In 2008, throat cancer robbed the world of one of the most creative minds in literature: one that gave us “Jurassic Park,” “The Andromeda Strain” and numerous other science fiction adventures. “Micro” is the last novel from Michael Crichton, the inventor of the techno-thriller, and in it he takes readers on a final thrill ride. While Crichton’s untimely death prevented him from finishing the book, author Richard Preston completed it based on Crichton’s notes. “Micro” serves as a fitting send-off to a literary legend.
While most of Crichton’s works explore giants of the natural world, “Micro” focuses on things that can barely be seen by the human eye. The story centers on a group of graduate students who are invited to Hawaii for job opportunities with a mysterious biotechnology corporation. The students discover that the corporation has found a way to shrink humans for the purpose of gathering material in the micro-world that could be used in pharmaceuticals, but things are not as they seem. After the students overhear the CEO confess to murder, they are unwillingly shrunk and left for dead in the Hawaiian rainforest. The students now must put aside their personal differences to survive and find a way to make themselves big again.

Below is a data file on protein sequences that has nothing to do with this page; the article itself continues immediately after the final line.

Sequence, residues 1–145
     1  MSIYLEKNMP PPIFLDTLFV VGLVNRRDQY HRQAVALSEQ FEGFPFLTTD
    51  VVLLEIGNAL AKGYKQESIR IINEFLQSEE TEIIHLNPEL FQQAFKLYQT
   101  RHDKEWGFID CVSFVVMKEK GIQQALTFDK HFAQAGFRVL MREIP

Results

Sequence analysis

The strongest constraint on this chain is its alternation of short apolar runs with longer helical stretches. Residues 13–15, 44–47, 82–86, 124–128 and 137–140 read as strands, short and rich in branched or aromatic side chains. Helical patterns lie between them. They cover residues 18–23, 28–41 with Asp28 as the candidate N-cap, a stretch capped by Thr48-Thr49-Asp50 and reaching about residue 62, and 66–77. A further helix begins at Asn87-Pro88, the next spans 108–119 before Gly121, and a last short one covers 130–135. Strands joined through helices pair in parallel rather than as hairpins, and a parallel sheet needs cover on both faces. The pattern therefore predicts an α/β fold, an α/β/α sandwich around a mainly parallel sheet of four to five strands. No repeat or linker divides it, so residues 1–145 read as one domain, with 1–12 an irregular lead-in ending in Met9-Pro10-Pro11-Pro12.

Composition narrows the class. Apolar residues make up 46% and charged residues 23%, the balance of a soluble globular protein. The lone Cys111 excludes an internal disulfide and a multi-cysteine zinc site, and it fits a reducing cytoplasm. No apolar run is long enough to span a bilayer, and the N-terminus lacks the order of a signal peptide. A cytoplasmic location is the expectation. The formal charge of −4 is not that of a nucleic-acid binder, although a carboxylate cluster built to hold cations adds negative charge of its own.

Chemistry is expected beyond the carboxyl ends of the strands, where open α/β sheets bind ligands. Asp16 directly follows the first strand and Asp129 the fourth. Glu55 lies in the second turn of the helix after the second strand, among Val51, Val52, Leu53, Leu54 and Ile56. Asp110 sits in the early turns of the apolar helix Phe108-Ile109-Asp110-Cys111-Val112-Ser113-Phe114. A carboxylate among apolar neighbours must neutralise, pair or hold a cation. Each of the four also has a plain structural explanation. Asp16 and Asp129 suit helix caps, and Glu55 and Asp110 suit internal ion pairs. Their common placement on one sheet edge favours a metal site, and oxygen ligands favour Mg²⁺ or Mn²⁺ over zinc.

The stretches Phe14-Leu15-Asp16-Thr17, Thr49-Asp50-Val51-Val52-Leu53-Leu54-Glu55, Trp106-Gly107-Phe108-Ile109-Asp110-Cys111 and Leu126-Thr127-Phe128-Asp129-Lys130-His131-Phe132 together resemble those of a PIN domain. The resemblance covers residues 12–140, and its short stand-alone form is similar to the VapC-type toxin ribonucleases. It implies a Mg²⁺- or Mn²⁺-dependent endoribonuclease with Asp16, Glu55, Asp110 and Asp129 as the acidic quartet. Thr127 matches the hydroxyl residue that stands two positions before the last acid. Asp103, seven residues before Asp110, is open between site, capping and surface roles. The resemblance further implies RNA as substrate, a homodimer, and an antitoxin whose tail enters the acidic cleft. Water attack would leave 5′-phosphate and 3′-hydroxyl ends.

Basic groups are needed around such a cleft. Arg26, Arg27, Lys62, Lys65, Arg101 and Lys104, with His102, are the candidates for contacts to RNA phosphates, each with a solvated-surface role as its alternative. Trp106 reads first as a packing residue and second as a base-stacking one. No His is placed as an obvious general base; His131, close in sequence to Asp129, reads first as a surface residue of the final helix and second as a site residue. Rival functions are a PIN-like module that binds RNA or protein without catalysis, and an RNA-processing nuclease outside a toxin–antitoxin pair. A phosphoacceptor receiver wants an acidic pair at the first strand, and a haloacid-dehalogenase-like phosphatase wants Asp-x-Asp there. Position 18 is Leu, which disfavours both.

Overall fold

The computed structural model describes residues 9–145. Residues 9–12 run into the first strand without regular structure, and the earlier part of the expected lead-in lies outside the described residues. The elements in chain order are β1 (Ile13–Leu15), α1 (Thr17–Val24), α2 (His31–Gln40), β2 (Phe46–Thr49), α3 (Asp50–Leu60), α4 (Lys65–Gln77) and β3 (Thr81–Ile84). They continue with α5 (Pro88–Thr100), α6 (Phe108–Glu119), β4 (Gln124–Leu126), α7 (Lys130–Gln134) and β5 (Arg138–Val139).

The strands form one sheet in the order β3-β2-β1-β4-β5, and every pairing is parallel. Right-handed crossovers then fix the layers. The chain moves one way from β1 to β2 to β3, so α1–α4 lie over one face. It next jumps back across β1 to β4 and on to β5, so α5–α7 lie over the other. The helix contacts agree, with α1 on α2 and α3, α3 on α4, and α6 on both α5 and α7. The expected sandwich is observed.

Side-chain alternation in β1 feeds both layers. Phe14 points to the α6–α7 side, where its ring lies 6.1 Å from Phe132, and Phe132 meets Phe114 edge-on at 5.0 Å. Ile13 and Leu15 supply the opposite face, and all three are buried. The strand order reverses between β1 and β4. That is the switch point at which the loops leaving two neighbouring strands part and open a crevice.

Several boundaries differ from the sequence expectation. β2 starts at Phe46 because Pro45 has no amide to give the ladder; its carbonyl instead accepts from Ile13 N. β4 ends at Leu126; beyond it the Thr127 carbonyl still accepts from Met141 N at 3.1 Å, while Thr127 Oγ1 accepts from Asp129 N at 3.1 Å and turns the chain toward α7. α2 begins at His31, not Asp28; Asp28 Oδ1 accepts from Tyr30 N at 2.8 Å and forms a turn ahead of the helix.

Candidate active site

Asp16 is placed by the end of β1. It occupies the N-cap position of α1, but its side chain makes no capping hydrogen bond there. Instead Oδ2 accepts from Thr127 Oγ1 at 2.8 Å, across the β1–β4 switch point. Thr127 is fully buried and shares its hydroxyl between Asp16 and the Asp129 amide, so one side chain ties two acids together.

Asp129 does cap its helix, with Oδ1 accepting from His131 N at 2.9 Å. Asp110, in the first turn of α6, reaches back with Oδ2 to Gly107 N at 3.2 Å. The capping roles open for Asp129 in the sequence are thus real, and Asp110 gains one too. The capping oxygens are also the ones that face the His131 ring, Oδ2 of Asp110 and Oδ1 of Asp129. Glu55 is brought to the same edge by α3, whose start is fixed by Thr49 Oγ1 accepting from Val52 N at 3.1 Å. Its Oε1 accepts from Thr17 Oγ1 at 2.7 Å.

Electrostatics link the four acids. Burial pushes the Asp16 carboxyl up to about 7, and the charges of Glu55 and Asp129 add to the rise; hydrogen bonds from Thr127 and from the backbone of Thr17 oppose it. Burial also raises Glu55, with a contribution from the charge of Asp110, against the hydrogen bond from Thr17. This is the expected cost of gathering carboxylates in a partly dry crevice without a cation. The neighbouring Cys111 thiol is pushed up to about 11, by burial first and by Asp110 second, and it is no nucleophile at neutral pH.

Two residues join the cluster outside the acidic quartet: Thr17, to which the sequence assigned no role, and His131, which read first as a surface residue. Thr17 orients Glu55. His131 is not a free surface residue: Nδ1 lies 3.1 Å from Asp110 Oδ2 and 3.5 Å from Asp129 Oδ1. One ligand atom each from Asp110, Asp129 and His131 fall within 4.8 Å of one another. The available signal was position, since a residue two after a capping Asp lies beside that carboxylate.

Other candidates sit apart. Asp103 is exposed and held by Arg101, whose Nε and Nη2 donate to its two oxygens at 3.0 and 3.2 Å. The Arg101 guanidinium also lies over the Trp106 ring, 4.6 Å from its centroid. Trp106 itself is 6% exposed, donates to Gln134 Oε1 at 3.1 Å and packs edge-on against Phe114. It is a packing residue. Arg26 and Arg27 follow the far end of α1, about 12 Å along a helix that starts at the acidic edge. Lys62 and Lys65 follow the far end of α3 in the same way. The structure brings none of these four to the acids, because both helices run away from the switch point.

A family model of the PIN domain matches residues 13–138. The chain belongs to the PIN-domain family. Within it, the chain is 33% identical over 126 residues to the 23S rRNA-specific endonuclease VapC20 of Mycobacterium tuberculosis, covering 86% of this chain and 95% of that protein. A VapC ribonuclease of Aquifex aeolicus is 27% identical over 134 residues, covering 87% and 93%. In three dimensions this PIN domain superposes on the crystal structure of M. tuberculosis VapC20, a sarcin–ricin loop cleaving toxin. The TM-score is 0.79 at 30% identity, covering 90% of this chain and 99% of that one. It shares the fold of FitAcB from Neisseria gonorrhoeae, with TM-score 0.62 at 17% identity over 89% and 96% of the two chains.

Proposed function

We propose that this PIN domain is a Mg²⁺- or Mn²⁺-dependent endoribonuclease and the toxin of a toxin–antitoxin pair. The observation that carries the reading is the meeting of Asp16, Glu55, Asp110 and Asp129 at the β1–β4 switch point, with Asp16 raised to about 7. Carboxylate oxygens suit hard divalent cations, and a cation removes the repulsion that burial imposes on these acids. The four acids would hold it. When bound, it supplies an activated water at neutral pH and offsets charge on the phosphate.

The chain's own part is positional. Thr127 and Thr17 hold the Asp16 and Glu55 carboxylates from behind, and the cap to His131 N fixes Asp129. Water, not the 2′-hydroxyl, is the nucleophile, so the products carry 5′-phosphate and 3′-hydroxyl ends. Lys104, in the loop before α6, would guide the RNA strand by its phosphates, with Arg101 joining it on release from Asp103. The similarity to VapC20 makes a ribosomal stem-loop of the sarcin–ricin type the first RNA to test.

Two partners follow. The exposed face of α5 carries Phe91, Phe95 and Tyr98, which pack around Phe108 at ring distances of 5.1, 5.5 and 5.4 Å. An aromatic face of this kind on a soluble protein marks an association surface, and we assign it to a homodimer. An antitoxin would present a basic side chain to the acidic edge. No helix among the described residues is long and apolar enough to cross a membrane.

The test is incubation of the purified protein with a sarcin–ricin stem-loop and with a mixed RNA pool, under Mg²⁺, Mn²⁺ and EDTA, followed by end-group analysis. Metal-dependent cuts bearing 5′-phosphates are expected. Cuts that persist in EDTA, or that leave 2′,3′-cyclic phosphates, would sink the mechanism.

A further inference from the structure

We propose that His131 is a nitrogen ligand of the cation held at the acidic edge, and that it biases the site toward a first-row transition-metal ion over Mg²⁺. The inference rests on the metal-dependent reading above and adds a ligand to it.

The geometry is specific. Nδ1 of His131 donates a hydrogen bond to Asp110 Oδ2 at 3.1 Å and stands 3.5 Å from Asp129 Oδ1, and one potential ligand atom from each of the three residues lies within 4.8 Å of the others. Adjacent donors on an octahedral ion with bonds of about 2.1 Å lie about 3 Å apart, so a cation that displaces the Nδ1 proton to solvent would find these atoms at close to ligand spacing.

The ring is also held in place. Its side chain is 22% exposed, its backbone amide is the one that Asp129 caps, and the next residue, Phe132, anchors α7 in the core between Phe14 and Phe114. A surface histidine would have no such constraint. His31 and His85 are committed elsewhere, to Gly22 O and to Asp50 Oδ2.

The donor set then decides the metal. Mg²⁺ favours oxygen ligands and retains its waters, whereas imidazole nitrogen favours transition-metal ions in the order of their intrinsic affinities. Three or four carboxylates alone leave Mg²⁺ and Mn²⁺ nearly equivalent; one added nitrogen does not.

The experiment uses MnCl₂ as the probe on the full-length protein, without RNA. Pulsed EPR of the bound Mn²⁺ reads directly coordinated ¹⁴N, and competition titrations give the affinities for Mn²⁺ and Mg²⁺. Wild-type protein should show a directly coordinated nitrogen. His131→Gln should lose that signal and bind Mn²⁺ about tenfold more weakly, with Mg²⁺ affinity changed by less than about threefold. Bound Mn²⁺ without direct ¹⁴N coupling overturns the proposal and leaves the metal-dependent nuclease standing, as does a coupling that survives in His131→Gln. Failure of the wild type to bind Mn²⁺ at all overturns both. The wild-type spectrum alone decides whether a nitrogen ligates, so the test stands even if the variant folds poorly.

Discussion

Yes, the plot sounds over-the-top and overdone, but Crichton managed to make the story seem feasible, having a scientific explanation for everything that occurs. Although Crichton at times got a little too involved in the science of it all, he always kept the story moving quickly.
The protagonists are likable (except for Crichton’s signature cowardly, out-for-himself character), helping draw readers even further into their plight. The characters’ confrontations with seemingly harmless insects such as ants and centipedes are written as terrifyingly as Crichton’s characters’ battles with dinosaurs and gorillas in past works. It is truly unknown who will survive until the end, or what unusual and gruesome deaths await the characters. Raindrops have never been as dangerous as they are in “Micro,” and it is hard to imagine a death caused by a wasp laying eggs inside a human arm.
“Micro” is not Crichton’s best work, but it is by no means his worst. The novel is an excellent example of Crichton’s ability to blend science and fantasy to produce a compelling story. He will be missed.
Sean Quinn can be reached at firstname.lastname@example.org.